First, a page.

Re: [PATCH v4 2/5] sched_clock: Optimize cache line usage
From: Daniel Thompson
Date: Mon Feb 09 2015 - 04:47:29 EST
On 09/02/15 09:28, Will Deacon wrote:
> On Sun, Feb 08, 2015 at 12:02:37PM +0000, Daniel Thompson wrote:
>> Currently sched_clock(), a very hot code path, is not optimized to
>> minimise its cache profile. In particular:
>> 1. cd is not ____cacheline_aligned,
>> 2. struct clock_data does not distinguish between hotpath and
>> coldpath data, reducing locality of reference in the hotpath,
>> 3. Some hotpath data is missing from struct clock_data and is marked
>> __read_mostly (which more or less guarantees it will not share a
>> cache line with cd).
>> This patch corrects these problems by extracting all hotpath data
>> into a separate structure and using ____cacheline_aligned to ensure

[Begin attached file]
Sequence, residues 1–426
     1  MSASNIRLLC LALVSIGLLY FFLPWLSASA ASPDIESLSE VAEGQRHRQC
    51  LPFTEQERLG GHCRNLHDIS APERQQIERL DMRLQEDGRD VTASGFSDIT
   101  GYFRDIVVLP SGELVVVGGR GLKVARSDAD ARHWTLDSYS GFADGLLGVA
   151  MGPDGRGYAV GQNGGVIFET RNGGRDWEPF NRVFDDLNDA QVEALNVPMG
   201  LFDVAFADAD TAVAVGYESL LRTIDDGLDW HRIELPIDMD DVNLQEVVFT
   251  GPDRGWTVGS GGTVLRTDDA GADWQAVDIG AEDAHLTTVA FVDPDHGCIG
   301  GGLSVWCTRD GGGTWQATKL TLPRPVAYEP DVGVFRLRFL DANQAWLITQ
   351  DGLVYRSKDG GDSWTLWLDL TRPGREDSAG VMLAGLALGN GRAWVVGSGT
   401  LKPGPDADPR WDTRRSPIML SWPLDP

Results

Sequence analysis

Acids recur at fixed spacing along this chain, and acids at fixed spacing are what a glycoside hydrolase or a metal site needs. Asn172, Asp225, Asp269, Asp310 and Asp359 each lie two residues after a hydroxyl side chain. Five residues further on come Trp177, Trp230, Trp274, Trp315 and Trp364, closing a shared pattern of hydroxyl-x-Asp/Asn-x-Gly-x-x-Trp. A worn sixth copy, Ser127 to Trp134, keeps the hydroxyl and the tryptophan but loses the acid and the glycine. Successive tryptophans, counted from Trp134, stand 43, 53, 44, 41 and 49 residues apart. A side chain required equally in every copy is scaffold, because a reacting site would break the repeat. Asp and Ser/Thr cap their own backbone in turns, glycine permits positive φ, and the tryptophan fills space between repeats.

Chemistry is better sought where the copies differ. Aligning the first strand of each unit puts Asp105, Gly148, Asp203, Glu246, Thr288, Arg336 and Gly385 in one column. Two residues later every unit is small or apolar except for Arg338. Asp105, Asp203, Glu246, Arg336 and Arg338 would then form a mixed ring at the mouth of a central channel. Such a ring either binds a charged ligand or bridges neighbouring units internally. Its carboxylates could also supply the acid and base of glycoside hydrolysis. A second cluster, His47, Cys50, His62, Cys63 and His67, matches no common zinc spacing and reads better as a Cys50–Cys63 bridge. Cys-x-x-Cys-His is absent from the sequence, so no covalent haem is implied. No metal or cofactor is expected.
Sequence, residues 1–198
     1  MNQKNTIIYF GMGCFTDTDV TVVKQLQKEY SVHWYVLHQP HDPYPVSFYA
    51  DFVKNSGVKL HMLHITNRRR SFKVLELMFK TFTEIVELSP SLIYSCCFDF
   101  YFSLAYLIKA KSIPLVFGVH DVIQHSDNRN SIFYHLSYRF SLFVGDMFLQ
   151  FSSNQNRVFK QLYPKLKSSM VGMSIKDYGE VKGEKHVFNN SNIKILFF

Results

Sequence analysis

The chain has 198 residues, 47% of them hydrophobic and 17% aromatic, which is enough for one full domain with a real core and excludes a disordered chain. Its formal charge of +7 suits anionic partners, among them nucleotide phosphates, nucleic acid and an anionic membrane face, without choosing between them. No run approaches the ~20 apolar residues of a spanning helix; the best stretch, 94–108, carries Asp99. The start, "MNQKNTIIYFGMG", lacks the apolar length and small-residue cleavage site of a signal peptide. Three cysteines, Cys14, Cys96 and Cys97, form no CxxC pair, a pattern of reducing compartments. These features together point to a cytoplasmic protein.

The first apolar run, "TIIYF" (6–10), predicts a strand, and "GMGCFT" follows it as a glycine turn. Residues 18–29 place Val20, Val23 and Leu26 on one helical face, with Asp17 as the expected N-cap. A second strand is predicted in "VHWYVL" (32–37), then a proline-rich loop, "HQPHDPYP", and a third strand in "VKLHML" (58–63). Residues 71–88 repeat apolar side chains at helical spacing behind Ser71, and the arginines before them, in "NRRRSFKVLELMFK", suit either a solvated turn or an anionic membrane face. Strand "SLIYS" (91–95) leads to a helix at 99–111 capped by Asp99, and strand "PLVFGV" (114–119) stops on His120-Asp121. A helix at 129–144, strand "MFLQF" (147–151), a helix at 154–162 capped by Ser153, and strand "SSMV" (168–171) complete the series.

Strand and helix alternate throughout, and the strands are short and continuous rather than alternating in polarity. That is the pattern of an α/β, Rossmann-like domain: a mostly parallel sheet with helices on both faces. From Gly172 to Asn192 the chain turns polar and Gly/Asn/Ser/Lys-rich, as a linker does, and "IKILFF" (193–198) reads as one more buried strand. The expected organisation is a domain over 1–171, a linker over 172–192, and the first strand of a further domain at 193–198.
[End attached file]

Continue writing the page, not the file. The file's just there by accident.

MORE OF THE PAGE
>> the hotpath uses a single (64 byte) cache line.
> Have you got any performance figures for this change, or is this just a
> theoretical optimisation? It would be interesting to see what effect this
> has on systems with 32-byte cachelines and also scenarios where there's
> contention on the sequence counter.
Most of my testing has focused on proving the NMI safety parts of the
patch work as advertised so its mostly theoretical.
However there are some numbers from simple tight loop calls to
sched_clock (Stephen Boyd's results are more interesting than mine
because I observe pretty wild quantization effects that render the
results hard to trust):
Not sure what useful figures would be useful for a contended sequence
counter. Firstly the counter is taken for write at 7/8 wrap time of the
times so even for the fastest timers the interval is likely to be >3s
and is very short duration. Additionally, the NMI safety changes make it
possible to read the timer whilst it is being updated so it is only
during the very short struct-copy/write/struct-copy/write update
sequence that we will observe the extra cache line used for a read.
Benchmarks that show the effect of update are therefore non-trivial to
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